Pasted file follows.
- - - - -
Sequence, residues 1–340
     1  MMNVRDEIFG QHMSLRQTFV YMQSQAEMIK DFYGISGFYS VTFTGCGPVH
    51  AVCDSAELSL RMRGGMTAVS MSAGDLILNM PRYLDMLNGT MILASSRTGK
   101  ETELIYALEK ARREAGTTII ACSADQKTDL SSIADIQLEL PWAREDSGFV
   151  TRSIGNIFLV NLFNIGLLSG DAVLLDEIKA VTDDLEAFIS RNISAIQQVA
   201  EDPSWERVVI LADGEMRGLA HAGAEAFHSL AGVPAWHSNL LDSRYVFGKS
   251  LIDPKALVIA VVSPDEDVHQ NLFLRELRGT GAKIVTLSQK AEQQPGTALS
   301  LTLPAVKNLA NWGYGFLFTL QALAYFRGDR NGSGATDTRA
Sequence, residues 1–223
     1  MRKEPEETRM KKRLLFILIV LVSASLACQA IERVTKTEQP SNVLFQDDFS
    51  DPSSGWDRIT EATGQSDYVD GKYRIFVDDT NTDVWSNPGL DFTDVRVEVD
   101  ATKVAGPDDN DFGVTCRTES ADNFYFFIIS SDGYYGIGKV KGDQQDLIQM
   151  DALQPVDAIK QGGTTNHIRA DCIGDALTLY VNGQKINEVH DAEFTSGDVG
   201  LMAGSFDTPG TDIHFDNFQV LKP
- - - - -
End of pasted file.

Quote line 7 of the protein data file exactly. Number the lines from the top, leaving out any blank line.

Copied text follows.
   251  LIDPKALVIA VVSPDEDVHQ NLFLRELRGT GAKIVTLSQK AEQQPGTALS